The response to that article (and our post) was that the evidence provided, although novel and interesting, wasn’t enough to justify the conclusion that C4 photosynthesis was in fact occurring within the wheat seed. Noting the criticisms, we wrote an updated piece covering two published responses to the Rangan article.

But the debate hasn’t stopped there…

Back and forth we go

The journal Plant Physiology published a series of letters between the researchers who published the initial research and two researchers with the differing opinion. The series of letters outlines the main points of difference between the propositions.

In defence of the C4 pathway conclusion

The series starts with a defence of the conclusions drawn from the research. Citing the earlier work of Bort et al (1995), a paper which described labeled carbon assimilation differences between leaves and seeds of wheat and barley and which found no significant difference between the location of the assimilated labeled carbon, the defenders argued that the research did not distinguish between carbon assimilated in the glumes covering the seed (the Bort et al paper) and carbon assimilated in the pericarp (the Rangan et al research).


Dissection of Wheat Glume showing glume and grain.


Figure from article showing cross-section of wheat seed, particularly the pericarp.

The distinction between the two asserted is that the Rangan et al research shows that pericarp, as opposed to the glume, demonstrates elevated C4 gene transcription.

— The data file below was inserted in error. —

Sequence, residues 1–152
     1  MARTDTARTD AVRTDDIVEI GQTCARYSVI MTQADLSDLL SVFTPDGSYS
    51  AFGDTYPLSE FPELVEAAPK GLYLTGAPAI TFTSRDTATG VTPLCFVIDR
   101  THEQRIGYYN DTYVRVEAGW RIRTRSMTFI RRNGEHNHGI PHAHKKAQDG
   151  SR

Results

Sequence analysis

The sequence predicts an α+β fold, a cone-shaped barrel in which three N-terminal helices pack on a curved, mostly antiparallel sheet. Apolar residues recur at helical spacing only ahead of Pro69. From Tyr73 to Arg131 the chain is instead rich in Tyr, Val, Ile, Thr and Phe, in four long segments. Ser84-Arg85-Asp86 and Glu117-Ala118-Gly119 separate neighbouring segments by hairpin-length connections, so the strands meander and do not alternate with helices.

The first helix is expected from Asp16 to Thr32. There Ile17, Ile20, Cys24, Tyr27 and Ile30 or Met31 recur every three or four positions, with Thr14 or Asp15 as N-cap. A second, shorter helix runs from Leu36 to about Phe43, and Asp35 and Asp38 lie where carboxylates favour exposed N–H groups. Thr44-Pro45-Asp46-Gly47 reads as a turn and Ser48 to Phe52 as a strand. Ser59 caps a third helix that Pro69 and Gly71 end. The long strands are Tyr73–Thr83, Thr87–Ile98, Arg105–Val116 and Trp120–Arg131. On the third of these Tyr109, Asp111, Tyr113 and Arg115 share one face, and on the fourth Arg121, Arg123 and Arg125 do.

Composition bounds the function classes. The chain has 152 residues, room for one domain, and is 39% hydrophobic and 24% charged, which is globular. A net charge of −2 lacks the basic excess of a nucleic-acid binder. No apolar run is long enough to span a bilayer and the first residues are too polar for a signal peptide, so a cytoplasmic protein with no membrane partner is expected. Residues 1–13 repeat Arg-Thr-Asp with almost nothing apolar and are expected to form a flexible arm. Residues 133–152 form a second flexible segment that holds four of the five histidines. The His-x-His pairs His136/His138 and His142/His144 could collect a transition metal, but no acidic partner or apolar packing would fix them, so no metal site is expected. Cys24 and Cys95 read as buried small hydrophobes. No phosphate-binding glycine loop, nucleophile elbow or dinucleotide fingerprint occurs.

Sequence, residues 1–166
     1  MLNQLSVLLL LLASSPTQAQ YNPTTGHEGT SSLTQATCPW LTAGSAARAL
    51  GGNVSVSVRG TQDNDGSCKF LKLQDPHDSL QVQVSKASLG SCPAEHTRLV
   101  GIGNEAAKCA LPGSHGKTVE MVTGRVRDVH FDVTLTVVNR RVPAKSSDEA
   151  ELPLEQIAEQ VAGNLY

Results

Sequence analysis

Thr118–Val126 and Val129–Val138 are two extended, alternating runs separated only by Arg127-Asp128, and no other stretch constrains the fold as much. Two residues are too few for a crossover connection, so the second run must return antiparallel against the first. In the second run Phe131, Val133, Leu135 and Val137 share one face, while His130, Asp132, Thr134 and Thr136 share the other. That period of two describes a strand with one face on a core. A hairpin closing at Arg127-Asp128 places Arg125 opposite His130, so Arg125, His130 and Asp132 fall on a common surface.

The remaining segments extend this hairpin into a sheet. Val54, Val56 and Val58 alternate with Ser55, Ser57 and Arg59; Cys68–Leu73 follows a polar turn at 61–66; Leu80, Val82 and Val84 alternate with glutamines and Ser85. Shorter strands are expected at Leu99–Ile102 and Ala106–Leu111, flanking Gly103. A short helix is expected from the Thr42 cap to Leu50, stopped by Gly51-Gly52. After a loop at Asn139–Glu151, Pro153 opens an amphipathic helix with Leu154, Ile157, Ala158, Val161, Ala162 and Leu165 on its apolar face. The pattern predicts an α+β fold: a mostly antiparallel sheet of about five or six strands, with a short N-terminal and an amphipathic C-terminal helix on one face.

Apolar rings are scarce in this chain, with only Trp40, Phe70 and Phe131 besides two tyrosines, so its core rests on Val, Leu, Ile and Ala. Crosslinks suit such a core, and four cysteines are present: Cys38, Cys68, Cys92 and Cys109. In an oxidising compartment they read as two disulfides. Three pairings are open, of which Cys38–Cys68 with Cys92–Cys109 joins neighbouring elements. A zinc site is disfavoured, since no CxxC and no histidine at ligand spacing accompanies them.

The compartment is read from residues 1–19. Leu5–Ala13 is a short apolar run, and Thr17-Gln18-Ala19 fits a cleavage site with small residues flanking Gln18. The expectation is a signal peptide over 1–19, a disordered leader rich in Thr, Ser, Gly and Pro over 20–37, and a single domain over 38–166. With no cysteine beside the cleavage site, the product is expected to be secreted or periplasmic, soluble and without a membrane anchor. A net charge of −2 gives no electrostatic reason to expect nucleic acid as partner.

Further, it is suggested that the carbon source supplying the pericarp is not from the capture of external CO2 but instead comes from the endosperm capturing respired carbon, the carbon being derived from bicarbonate in the developing seed tissue, and moving outwards to the pericarp for use in the asserted C4 pathway. For this reason it is suggested that the conclusions drawn by Bort et al, that there was no evidence for C4 photosynthesis in the ears of C3 cereals from their labeled-carbon pulse experiment, is a false basis to deny their conclusion as it failed to account for this inside-out carbon delivery.

To the contrary

The first point raised in contradiction to the Rangan et al research repeats the earlier criticism – that although the gene expression profiles reported in the disputed paper are novel, interesting and worthy of further research, they alone are not enough to justify the conclusions made. To be able to make such a conclusion, evidence demonstrating flux of the metabolites through the C4 pathway. Increased expression of the relevant genes is not enough to conclude that the pathway is operating in the seed particularly as all the genes involved in C4 photosynthesis are also expressed in C3 plants.

Although the evidence for the existence of the pathway in wheat seeds is scarce and contradictory, the defenders of the rebuttal suggest that the Bort et al article is evidence that the PEP carboxylase activity assists in intermediate reactions in metabolic pathways other than C4 photosynthesis.